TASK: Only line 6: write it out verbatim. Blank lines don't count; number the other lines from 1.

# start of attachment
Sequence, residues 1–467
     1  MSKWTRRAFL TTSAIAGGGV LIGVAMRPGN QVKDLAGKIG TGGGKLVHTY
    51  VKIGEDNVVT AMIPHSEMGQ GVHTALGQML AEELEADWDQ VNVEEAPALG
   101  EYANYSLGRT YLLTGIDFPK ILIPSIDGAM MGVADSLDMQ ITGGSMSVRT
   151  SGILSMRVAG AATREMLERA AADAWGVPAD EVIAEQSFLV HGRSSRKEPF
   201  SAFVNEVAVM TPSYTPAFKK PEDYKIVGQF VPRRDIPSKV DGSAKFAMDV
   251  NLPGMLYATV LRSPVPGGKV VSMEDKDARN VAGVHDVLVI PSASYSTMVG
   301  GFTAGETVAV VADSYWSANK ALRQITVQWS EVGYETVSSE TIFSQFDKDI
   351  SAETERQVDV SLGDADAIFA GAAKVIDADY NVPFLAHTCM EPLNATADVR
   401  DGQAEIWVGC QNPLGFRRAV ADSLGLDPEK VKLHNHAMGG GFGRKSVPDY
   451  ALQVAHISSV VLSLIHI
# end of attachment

   201  SAFVNEVAVM TPSYTPAFKK PEDYKIVGQF VPRRDIPSKV DGSAKFAMDV